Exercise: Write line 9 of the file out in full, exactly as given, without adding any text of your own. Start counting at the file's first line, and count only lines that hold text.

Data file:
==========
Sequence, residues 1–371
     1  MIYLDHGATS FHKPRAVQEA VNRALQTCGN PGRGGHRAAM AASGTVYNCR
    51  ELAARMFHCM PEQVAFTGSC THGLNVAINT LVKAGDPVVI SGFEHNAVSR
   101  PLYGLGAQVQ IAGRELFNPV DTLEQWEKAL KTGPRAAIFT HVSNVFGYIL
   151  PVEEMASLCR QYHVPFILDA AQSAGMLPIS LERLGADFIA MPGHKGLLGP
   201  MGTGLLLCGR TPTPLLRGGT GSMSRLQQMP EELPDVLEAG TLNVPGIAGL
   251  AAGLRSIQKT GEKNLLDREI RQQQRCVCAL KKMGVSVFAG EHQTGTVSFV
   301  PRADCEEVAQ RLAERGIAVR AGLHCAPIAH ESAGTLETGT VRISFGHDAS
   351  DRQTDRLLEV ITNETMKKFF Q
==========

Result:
   351  DRQTDRLLEV ITNETMKKFF Q